Project description:Dietary intake of long-chain fatty acids (LCFAs) plays a causative role in insulin resistance and risk of diabetes. Whereas LCFAs promote lipid accumulation and insulin resistance, diets rich in medium-chain fatty acids (MCFAs) have been associated with increased oxidative metabolism and reduced adiposity, with few deleterious effects on insulin action. The molecular mechanisms underlying these differences between dietary fat subtypes are poorly understood. To investigate this further, we treated C2C12 myotubes with various LCFAs (16:0, 18:1n9, and 18:2n6) and MCFAs (10:0 and 12:0), as well as fed mice diets rich in LCFAs or MCFAs, and investigated fatty acid-induced changes in mitochondrial metabolism and oxidative stress. MCFA-treated cells displayed less lipid accumulation, increased mitochondrial oxidative capacity, and less oxidative stress than LCFA-treated cells. These changes were associated with improved insulin action in MCFA-treated myotubes. MCFA-fed mice exhibited increased energy expenditure, reduced adiposity, and better glucose tolerance compared with LCFA-fed mice. Dietary MCFAs increased respiration in isolated mitochondria, with a simultaneous reduction in reactive oxygen species generation, and subsequently low oxidative damage. Collectively our findings indicate that in contrast to LCFAs, MCFAs increase the intrinsic respiratory capacity of mitochondria without increasing oxidative stress. These effects potentially contribute to the beneficial metabolic actions of dietary MCFAs.
Project description:Medium chain fatty acids (MCFA) are digestion products of lipid-rich food and lipid-based formulations, and they are used as transient permeability enhancers in formulation of poorly permeable compounds. These molecules may promote drug absorption by several different processes, including solubilization, increased membrane fluidity, and increased paracellular transport through opening of the tight junctions. Therefore, understanding the aggregation behavior of MCFAs is important. A number of studies have measured the critical micelle concentration (CMC) of MCFAs experimentally. However, CMC is highly dependent on system conditions like pH, temperature, and the ionic strength of the buffer used in different experimental techniques. In this study, we investigated the aggregation behavior of four different MCFAs using the coarse-grained molecular dynamics (CG-MD) simulations with the purpose to explore if CG-MD can be used to study MCFA interactions occurring in water. The ratio of deprotonated and non-charged MCFA molecules were manipulated to assess aggregation behavior under different pH conditions and within the box sizes of 22?×?22?×?44 nm<sup>3</sup> and 44 nm<sup>3</sup> for 1 ?s. CMCs were calculated by performing CG-MD simulations with an increasing number of MCFAs. The resulting aggregate size distribution and number of free MCFA molecules were used to determine the CMC. The CMCs from simulations for C<sub>8</sub>, C<sub>10</sub>, and C<sub>12</sub> were 1.8-3.5-fold lower than the respective CMCs determined experimentally by the Wilhelmy method. However, the variation of MCFA aggregate sizes and morphologies at different pH conditions is consistent with previous experimental observation. Overall, this study suggests that CG-MD is suitable for studying colloidal systems including various MCFAs.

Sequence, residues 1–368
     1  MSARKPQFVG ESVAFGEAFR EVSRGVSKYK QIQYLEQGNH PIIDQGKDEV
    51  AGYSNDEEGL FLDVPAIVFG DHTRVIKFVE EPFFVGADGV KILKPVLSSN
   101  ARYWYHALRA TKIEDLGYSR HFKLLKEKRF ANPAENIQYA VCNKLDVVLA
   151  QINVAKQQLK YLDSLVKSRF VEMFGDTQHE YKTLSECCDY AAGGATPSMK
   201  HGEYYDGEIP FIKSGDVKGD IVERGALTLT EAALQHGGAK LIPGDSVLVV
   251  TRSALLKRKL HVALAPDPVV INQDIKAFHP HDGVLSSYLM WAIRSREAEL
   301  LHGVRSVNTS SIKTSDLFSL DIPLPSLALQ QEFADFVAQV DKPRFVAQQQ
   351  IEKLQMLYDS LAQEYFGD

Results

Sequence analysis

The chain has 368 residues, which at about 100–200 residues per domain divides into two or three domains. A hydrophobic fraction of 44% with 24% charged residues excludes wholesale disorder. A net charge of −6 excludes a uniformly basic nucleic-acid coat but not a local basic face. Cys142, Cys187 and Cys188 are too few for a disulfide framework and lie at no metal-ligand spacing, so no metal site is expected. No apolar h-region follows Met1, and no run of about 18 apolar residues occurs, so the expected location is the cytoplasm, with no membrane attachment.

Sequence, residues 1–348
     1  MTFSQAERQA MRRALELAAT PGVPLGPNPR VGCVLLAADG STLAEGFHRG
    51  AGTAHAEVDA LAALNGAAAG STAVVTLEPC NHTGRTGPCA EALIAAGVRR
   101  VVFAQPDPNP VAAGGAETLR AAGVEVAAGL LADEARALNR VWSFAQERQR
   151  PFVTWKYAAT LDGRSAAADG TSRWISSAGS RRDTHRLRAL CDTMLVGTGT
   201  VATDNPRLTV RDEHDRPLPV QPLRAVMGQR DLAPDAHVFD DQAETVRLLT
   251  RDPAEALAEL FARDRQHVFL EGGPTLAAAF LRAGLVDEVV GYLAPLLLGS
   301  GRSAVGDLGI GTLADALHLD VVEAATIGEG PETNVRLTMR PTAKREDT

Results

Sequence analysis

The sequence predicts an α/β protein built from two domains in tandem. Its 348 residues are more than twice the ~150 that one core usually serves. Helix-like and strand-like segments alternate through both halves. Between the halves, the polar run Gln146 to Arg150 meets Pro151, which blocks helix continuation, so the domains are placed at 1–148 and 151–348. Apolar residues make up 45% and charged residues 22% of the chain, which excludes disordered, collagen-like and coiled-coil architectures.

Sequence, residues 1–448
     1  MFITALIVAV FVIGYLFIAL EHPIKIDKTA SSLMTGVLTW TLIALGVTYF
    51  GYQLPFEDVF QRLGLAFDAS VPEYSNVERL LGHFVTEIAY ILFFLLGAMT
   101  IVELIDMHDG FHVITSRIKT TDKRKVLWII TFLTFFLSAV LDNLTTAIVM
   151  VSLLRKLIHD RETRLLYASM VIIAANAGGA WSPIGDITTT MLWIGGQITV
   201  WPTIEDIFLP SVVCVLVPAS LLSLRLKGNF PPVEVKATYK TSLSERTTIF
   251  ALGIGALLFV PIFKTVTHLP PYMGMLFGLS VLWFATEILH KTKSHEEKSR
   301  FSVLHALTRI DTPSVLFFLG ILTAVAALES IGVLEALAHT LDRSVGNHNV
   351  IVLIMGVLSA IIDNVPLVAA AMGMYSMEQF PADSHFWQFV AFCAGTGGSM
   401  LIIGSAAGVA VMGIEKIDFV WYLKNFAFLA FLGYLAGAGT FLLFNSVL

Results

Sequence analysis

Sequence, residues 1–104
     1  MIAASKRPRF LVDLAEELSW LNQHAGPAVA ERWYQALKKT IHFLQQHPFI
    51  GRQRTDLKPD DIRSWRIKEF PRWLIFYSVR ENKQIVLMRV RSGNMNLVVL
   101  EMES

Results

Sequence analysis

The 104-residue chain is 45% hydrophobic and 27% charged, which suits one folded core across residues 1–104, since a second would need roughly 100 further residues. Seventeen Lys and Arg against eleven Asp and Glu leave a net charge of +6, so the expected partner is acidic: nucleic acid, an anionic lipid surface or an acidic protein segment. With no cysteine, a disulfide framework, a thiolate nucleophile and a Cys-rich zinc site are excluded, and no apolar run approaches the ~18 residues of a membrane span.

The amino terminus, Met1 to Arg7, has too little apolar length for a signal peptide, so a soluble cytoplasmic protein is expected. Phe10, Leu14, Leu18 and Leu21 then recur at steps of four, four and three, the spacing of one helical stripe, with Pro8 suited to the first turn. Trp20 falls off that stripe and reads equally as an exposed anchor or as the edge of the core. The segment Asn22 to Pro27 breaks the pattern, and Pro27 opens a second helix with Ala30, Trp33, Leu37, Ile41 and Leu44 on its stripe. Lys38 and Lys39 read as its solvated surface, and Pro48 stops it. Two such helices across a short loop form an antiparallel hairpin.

Project description:Medium-chain fatty acids (mc-FAs) are currently applied in the treatment of long-chain fatty acid oxidation disorders (lc-FAOD) characterized by impaired β-oxidation. Here, we performed lipidomic and proteomic analysis in fibroblasts from patients with very long-chain acyl-CoA dehydrogenase (VLCADD) and long-chain 3-hydroxyacyl-CoA dehydrogenase (LCHADD) deficiencies after incubation with heptanoate (C7) and octanoate (C8). Defects of β-oxidation induced striking proteomic alterations, whereas the effect of treatment with mc-FAs was minor. However, mc-FAs induced a remodeling of complex lipids. Especially C7 appeared to act protectively by restoring sphingolipid biosynthesis flux and improving the observed dysregulation of protein homeostasis in LCHADD under control conditions.